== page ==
Navigant Research Blog

As Coal Declines, Low-Emissions Engine Plants Spread

Taylor Embury — December 22, 2014

In September, the world’s largest reciprocating engine power plant was completed in Jordan.  IPP3, as it’s called, has 38 Wärtsilä 50DF engines, with a total capacity of 573 MW in the extreme desert conditions of Jordan.    The plant uses tri-fuel engines that can run on natural gas, heavy fuel oil, and light fuel oil.  They can start and ramp up to full capacity in less than 10 minutes, and they can do this multiple times a day without any maintenance cost impact.

The modular nature of the plant also allows it to operate at peak efficiency (45%-50%) across its entire output range by shutting down individual engines as needed and leaving others at high load.  In addition, the plant will enable Jordan’s existing turbine plants to operate more efficiently, as they will be used for baseload while IPP3 fills in the gaps where there is fluctuation in demand.

Reliable, Flexible, and (Relatively) Clean

IPP3 is fitted with a nitrate (NOx) control system for reducing emissions and meeting strict environmental health and safety guidelines set by the International Finance Corporation.  The plant follows international requirements for sulfides and particulates as well, and it is expected to produce 35% fewer carbon emissions than an existing steam turbine plant would if both used heavy fuel oil.  IPP3 will also have a close to zero usage of water once gas is employed as fuel, minimizing its environmental footprint.

So what makes this plant important?  It’s important because before IPP3, Jordan’s utility professionals had never contemplated the installation of a reciprocating engine plant, preferring to generate baseload power through combined-cycle gas turbine (CCGT) facilities, which have peak efficiencies of 55% to 60%.  It’s also important because many utility professionals around the world, not just in Jordan, are looking for a solution that is reliable, offers fuel and operational flexibility, is quick-starting and efficient across a wide range of loads, and consumes less water and produces fewer emissions.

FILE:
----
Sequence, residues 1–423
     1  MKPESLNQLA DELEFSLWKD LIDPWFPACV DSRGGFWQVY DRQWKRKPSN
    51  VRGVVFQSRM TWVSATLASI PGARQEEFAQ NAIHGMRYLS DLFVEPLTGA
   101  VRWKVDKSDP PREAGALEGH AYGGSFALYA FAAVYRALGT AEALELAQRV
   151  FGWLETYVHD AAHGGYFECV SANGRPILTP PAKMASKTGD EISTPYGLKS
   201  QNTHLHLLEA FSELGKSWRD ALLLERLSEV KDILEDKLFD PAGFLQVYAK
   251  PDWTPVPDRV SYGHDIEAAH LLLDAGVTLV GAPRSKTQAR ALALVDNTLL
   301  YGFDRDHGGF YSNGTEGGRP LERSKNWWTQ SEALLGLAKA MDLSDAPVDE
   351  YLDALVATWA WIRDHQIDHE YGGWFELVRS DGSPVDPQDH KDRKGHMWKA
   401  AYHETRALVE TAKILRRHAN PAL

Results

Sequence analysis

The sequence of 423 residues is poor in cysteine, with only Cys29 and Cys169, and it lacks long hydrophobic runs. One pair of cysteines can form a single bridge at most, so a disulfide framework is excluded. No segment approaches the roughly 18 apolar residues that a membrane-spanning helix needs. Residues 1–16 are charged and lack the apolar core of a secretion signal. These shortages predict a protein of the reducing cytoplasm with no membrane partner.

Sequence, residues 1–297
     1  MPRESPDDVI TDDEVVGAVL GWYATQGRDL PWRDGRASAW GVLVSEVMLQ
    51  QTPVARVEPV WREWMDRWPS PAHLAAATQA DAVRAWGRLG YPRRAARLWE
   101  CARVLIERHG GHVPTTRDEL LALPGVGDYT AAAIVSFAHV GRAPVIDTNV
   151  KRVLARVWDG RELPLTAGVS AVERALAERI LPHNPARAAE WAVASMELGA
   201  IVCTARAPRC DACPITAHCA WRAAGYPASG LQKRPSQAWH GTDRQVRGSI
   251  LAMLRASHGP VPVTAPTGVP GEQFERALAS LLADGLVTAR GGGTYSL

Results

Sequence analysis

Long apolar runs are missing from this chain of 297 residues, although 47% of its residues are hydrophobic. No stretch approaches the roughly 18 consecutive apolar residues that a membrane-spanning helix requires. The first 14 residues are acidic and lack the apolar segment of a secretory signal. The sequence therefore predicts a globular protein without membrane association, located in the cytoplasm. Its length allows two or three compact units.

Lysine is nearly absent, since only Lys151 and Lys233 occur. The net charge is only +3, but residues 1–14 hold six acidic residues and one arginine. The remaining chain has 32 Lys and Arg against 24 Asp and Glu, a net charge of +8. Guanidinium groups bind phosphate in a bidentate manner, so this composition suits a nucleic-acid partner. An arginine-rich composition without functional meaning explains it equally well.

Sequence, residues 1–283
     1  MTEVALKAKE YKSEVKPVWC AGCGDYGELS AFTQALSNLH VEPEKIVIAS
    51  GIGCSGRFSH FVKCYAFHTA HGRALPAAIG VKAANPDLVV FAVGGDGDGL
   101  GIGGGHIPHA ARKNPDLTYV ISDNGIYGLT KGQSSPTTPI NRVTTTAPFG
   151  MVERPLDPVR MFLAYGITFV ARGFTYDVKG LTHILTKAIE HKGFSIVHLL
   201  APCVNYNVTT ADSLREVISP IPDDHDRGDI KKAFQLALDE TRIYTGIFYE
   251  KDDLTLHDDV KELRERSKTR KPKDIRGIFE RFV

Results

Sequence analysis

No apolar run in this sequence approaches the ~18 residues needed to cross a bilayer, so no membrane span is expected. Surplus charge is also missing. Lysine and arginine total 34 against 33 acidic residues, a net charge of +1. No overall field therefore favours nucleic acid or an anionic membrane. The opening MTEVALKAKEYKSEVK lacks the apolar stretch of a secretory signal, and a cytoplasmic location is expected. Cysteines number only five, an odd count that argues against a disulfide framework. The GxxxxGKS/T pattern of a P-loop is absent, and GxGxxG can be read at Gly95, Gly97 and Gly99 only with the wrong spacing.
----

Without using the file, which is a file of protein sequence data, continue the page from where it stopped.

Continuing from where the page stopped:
Reciprocal Benefits

And, as in Jordan, many other utility professionals are choosing reciprocating engines.  Wärtsilä alone has been installing an impressive number of large gensets recently.  For example, a 175 MW gas engine plant was completed by Wärtsilä in South Africa for Sasol, one of the country’s largest industrial companies, in December 2012.  The company is also in the process of building the 200 MW Pesanggaran Bali power plant, which will be the largest engine-based power plant in Indonesia when it is completed in 2015.

In the United States, Wärtsilä has been contracted to supply a 56 MW Smart Power Generation power plant in Oklahoma, and the company is expected to install a 50 MW plant in Hawaii on the island of Oahu, pending approval of the Hawaii Public Utilities Commission.  There is also a 225 MW plant being proposed in Texas and, reportedly, another 225 MW plant already under construction in Oregon.  All of the plants in the United States will be used to balance wind and solar generation on the grid.  With cheap natural gas, emissions standards, and the grids around the world becoming increasingly unstable, it appears that reciprocating engines’ stock is on the rise.

For more detail on the future of reciprocating engines, please see Navigant Research’s report, Natural Gas Generator Sets.

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